Content is a huge part of my life, and now I am a judge for this year’s World Media Awards, it is taking up even more of my thinking time as I anticipate the campaigns I’ll soon have the privilege of viewing in depth. I understand firsthand the complexities and hard work involved in creating great content and will be interested to see if, like me, the companies entering the Awards are taking inspiration from outside the advertising industry.
As the world of advertising continues to fragment and become more complicated, we need to shift our thinking on how we create content campaigns.
Back in the day, when consumer choice comprised only a few TV channels, radio stations and newspapers, it was possible to understand the battle for the attention of viewers, listeners and readers in simple terms. Then the internet arrived, and with it came the rise of content. Brands discovered the old rules of advertising no longer applied.
Now we have multiple platforms and devices that are on 24-7, creating a beautiful TV spot or billboard poster isn’t enough and simple things like setting down a media plan and finding an ad agency are simple no more . Content has become the marketing mot du jour, but advertisers still struggle to understand what content to create, where to put it and how to get audiences to engage with it.
The added complication comes from the fact that advertisers are not just fighting other advertisers in the fight for consumer attention, but also against the behemoths of content. By this I mean the companies who’ve been creating content for decades and have a deep understanding of how to connect with and entertain an audience and keep them coming back. Broadcasters and publishers are the masters of the content universe; what companies such as The BBC, the Wall Street Journal, The Economist or Sky know so well is how to create products that people come back to day after day or week after week. They know how to create a habit in an audience and, through the power of that habit, build an ongoing relationship for their brands.
In the world of advertising the approach tends to be the opposite. It is about creating a campaign that gains a lot of attention in a short space of time to build brand awareness and then repeat it every now and then to remind consumers about the brand. That could well be why, for many marketers, there seems to be a struggle to understand content and to identify who are the best agencies and partners to create it with.
If you want a great 30-second spot or beautiful posters that communicates a marketing message succinctly and quickly then ad agencies are brilliant. However, developing ongoing content that repeats week after week requires a different skill and creative approach. Even when ad agencies have a content team, few of them seem to have this mindset. They are still harking back to the tradition of campaigns rather than looking forward to learn from the real experts of content – the broadcasters, publishers and production companies.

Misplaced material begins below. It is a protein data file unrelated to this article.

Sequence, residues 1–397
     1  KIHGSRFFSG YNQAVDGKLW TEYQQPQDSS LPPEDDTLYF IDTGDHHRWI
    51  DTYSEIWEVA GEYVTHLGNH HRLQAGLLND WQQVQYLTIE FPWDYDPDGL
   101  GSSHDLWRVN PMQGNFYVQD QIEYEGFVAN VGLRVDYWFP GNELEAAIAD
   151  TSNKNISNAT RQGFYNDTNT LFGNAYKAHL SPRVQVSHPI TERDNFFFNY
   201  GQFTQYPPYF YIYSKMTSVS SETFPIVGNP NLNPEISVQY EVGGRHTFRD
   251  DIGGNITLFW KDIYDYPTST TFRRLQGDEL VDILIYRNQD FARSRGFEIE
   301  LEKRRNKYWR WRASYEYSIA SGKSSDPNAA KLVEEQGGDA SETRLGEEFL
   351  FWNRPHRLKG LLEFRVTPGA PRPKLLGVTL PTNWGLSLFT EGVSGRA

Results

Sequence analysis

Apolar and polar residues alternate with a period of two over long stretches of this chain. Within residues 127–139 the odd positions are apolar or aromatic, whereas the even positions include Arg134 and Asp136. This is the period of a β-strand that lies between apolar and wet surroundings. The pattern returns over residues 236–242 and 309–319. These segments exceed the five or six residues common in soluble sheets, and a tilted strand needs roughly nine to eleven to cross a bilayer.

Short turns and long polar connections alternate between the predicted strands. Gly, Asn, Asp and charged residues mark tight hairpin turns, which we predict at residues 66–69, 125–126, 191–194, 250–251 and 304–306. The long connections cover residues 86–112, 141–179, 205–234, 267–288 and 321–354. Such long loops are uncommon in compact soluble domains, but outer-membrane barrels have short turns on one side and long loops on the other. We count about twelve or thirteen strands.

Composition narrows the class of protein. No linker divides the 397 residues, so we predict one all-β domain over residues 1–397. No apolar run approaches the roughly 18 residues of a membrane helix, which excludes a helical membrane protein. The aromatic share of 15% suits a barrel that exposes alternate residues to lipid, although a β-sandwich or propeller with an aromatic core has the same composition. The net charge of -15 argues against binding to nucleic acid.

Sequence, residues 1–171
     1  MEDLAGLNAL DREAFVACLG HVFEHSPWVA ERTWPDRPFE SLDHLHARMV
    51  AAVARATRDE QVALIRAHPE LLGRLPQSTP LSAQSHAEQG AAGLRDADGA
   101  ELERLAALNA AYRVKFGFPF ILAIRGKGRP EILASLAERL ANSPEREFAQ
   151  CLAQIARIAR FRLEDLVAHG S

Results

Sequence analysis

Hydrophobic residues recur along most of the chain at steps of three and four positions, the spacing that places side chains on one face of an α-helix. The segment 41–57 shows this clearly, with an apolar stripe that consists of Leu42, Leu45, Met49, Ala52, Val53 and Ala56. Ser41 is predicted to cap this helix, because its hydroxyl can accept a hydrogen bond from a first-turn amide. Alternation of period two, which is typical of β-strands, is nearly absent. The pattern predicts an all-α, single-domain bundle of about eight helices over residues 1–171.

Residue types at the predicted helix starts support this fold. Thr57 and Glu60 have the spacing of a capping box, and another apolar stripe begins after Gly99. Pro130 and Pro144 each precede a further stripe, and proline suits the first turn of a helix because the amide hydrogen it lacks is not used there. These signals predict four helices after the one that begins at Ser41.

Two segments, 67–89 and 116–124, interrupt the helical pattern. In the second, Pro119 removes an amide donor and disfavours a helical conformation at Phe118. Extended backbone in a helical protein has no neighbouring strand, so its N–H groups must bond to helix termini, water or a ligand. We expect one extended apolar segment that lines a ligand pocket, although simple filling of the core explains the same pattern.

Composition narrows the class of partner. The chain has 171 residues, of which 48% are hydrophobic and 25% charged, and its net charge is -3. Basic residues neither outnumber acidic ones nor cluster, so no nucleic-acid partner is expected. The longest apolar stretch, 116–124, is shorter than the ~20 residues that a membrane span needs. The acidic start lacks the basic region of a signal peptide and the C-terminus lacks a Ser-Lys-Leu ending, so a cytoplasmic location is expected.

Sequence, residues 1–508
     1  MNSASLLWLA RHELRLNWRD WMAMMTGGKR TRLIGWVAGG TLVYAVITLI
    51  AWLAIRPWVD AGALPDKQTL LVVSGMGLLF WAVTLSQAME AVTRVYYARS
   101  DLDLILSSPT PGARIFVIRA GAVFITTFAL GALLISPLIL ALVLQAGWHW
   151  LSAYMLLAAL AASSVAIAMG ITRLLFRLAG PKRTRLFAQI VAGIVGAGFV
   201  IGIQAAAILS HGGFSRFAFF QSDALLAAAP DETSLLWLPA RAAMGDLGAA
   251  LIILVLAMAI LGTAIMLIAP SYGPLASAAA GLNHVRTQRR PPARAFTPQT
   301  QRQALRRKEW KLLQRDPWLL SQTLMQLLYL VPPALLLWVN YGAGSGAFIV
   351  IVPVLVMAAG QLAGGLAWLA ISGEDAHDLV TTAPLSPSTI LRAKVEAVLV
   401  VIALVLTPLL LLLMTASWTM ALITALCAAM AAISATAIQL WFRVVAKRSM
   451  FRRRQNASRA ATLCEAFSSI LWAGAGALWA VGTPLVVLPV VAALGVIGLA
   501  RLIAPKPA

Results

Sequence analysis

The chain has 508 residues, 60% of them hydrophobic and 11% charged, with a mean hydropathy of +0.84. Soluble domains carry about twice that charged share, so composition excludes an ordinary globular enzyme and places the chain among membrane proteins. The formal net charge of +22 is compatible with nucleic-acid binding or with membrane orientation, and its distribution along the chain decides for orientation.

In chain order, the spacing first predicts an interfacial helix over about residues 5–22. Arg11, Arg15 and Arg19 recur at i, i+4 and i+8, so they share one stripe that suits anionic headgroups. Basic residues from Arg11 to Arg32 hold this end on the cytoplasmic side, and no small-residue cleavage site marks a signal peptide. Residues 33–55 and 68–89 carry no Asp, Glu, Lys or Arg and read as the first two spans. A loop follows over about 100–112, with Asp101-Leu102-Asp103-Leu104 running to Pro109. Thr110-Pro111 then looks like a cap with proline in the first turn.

Building new habits within an audience is something that is still evolving (think about how Netflix’s ‘binge’ approach has changed the way we view things massively) but it is at the heart of successful content. Ongoing, repeatable online video series, podcasts, social media entertainment or TV shows are designed to keep the audience coming back for more regularly – in some cases, even hourly. Think about the radio show you tune into every day, or the last TV or podcast series you downloaded, or the website you visit every morning. Those content creators have placed themselves at the heart of your content habit. Brands need to shift their thinking and do the same.
Indeed, brands have the potential to wrestle the content crown from today’s masters. Pepsi’s advertising budget far exceeds the programme commissioning budget of most TV networks. This means that the resource is there but the mindset needs to follow, placing the brand within a consumer’s daily content habit. That means learning from the experts in the information and entertainment arena and using the agencies and production companies who are leading the way in these spaces – and these are organisations that probably don’t usually feature in the advertising sector.
Consumers are likely to be just as happy with great sports-related content, whether it comes from Nike or Sky – the challenge for the likes of Nikes is that the measure of success needs to be not how many people have downloaded their latest video, but how many will download the next one, and the one after that.
It is only when brands finally succeed at repeatable, habit-forming content that they will be able to truly say that they’ve learnt from the masters and understood the rules of engagement. I hope that in this year’s World Media Awards we will see more entries from advertisers and agencies that have recognised the value of this approach – I suspect there will only be a few, but I bet their results will be fantastic!
Entry to the World Media Awards, the only awards to celebrate cross-border, content-driven advertising, is now closed –the shortlisted entries for each category will be announced on Wednesday 21st February.